Controversy has broken out in France over the first full-length feature film to explore the miserable existence of the hundreds of asylum-seekers who try to reach Britain through Calais.
The French Immigration Minister, Eric Besson, accused the movie’s director of "crossing a red line" today after he compared the experiences of the migrants – and those who try to help them – with the persecution of Jews during the Second World War. M. Besson said the comparison was "intolerable". He added: "I have the impression that the film’s promoters are committing a deliberate slur, no doubt with the intention of increasing publicity for the film’s release."
The movie, Welcome, tells the story of a lifeguard at a swimming pool in Calais who tries to impress his estranged wife by teaching a young Kurd how to swim the Channel to England. The film’s director, Philippe Lioret, has pointed out in interviews that it is a criminal offence under French law to help illegal immigrants in this way. "To see that a decent guy can all of a sudden be charged and that he can go to prison is crazy," M. Lioret told the French newspaper, La Voix du Nord. "It feels like it’s 1943 and we’ve hidden a Jew in the basement." But M. Besson said: "To suggest that the French police [of today] are like the police of the [wartime] Vichy administration – that the [asylum-seekers] are hunted and rounded up – is intolerable."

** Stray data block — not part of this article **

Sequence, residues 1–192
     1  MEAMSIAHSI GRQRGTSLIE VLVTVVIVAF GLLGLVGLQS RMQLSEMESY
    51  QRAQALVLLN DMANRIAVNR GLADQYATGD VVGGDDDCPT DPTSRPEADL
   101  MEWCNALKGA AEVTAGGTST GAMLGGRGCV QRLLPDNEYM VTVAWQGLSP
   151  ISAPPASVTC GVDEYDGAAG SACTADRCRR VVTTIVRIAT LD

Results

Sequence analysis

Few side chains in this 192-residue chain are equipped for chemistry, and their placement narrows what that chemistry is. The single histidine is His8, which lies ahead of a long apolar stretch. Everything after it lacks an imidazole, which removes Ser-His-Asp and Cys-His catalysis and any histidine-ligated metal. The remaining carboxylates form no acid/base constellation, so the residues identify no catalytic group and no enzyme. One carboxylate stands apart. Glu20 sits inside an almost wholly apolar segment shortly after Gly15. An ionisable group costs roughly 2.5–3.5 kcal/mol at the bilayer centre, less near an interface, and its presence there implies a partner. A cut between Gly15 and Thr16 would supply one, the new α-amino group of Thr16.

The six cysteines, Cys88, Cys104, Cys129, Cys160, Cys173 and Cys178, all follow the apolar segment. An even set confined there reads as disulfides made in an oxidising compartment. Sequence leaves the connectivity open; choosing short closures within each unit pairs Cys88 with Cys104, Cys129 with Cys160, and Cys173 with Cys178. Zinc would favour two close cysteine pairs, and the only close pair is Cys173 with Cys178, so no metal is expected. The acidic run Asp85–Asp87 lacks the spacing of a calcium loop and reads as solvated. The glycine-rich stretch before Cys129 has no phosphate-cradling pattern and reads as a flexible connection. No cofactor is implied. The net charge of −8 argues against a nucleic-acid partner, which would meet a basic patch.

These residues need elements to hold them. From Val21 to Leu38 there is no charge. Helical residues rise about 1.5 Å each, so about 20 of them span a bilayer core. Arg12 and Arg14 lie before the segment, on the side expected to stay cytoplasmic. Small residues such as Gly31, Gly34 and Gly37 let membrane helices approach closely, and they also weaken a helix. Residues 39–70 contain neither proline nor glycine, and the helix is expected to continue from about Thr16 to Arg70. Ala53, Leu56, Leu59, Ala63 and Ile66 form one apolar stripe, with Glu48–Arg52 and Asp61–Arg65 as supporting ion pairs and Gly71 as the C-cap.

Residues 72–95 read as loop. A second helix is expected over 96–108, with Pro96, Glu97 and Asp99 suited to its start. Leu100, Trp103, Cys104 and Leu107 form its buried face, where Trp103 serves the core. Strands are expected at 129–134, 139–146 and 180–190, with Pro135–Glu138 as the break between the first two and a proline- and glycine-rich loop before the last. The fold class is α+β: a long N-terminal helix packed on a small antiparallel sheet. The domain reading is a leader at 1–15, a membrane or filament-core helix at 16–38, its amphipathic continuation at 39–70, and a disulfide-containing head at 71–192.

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In fact, as M. Besson should know, this is exactly what happens periodically in Calais. But the comparison with Jews in wartime France ends there. The illegal migrants are sometimes deported to their home countries. More often, they are taken to detention centres far from Calais, from which they abscond and make their way back to the Channel. The law threatening French people who help illegal migrants with a five-year jail sentence is applied unevenly. Since the closure of the Sangatte Red Cross camp in 2002, charitable organisations feed the migrants in the Calais docklands every night. Police raid, but not often.
Welcome, which won a prize at the Berlin film festival last month and opens in France tomorrow, is the first "fictional" movie to draw on the decade-long cat and mouse game between migrants and authorities on the French coast. When Sangatte camp closed in 2002, the then French interior minister, Nicolas Sarkozy, claimed that the problem had been solved.
The numbers of asylum-seekers did drop initially but they have now risen again to reach levels of up to 500 people, mostly Kurds and Afghans, sleeping rough in Calais at any one time. The migrants risk their lives by cutting through wire fences to enter the Calais ferry port and try to jump aboard lorries bound for Britain.Reuse content